Review | A Christmas Carole Petersen: a Minnesota Nice holiday

Theater Latté Da, through Dec 30

Tod Petersen in A CHRISTMAS CAROLE PETERSEN. Photo by Allen Weeks.

There’s an emotionally raw quality to A Christmas Carole Petersen (Theater Latté Da, through Dec 30) that imparts to the material real substance, true Christmas spirit. Without this the play might could be glib, pat, and predictable.

For example: Tod Petersen (Tod Petersen)’s beautiful description of the bed his lover/partner and their two cats made in their Chicago apartment. The three of them actually made an outline of Petersen’s bed space as they slept. “I was home,” Petersen says quietly. Lovely, and great credit here goes to the playwrights, Petersen and Peter Rothstein (who also directs, with restrained precision).

Another thing Petersen does extremely well: his mother Carole. Without being campy or condescending, Petersen evokes Mom, a clingy busybody, but loving and sweet. (His/her interpretation of fifty years of family Christmas letters is priceless.) And Peterson does Carole better than an accomplished actor would – and Latté Da has distinguished history of engaging first rate talent.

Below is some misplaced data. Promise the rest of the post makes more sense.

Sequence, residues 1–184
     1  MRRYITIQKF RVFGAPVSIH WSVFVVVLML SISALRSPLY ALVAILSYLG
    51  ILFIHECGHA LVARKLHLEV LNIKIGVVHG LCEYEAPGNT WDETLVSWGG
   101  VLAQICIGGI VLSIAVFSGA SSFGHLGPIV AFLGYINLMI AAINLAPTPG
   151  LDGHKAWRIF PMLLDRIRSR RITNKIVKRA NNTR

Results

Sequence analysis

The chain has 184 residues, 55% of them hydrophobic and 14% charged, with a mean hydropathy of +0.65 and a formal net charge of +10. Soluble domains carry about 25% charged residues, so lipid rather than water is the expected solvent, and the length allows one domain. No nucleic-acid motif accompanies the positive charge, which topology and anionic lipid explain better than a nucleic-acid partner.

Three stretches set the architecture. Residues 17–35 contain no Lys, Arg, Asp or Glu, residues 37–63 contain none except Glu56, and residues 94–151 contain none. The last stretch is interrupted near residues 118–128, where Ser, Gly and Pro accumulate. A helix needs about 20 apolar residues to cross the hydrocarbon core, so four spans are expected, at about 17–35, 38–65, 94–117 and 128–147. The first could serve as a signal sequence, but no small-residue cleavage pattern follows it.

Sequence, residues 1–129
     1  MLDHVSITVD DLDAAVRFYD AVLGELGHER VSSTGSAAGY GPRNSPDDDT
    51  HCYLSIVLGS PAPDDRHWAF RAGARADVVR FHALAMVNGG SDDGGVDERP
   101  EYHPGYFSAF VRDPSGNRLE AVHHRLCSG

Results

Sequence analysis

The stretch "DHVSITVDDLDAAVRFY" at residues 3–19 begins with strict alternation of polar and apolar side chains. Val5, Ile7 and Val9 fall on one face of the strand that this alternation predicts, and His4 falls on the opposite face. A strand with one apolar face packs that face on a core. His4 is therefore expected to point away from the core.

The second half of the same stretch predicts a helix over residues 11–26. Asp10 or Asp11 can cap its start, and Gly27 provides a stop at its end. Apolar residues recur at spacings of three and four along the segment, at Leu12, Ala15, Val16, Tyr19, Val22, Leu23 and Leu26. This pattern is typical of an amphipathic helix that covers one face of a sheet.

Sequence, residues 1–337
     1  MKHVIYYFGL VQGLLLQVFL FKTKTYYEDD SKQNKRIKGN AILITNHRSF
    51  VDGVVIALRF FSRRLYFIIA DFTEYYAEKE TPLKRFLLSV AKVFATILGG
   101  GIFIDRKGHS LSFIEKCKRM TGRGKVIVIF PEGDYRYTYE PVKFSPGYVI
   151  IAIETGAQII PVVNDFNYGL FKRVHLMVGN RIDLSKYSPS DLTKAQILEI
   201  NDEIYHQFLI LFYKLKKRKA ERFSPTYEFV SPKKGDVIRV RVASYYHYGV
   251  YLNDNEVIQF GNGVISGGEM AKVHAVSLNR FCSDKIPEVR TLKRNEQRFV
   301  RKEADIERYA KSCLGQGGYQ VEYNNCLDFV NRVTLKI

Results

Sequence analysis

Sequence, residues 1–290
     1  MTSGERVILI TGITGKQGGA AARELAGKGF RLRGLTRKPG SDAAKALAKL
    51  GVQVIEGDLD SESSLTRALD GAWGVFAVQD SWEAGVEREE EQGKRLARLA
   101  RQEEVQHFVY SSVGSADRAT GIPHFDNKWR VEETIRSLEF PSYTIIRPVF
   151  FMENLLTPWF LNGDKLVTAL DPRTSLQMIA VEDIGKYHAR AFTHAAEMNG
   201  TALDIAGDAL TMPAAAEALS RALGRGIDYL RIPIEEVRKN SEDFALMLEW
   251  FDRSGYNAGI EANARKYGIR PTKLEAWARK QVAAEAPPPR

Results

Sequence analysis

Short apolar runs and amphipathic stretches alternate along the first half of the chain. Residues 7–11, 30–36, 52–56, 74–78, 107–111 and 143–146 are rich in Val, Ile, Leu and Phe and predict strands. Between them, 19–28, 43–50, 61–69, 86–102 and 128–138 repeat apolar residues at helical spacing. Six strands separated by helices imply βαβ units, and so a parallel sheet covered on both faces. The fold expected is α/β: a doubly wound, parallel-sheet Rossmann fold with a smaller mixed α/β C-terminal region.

Indeed, Petersen performs A Christmas Carole Petersen with pluck, charisma and great charm. Plus he can – almost – sing. (Let’s put it this way: I can sing as well.) Luckily, Petersen surrounds himself with performers who really can sing: Jody Briskey; Ryan Lee (who does an exquisite rendition of Joni Mitchell’s achingly beautiful Christmas song, “River;” and Dominique Wooten (a football player with a lovely tenor voice). These outstanding artists are ably assisted by Denise Prosek on piano.

A Christmas Carole Petersen may not have the Guthrie (A Christmas Carol)’s design prowess, or Penumbra (Black Nativity)’s pure power, or the Jungle (Christmas At Pemberley)’s comic sensibility, but the show is sweet, understated, and well worthwhile.

‘Tis the season.

John Olive is a writer living in Minneapolis. His book, Tell Me A Story In The Dark, about the magic of bedtime stories, has been published. His Anna May Wong bioplay, How The Ghost Of You Clings, will be presented by the Playwrights Center as part of the 2018 Ruth Easton Festival. Please visit John’s informational website.

 

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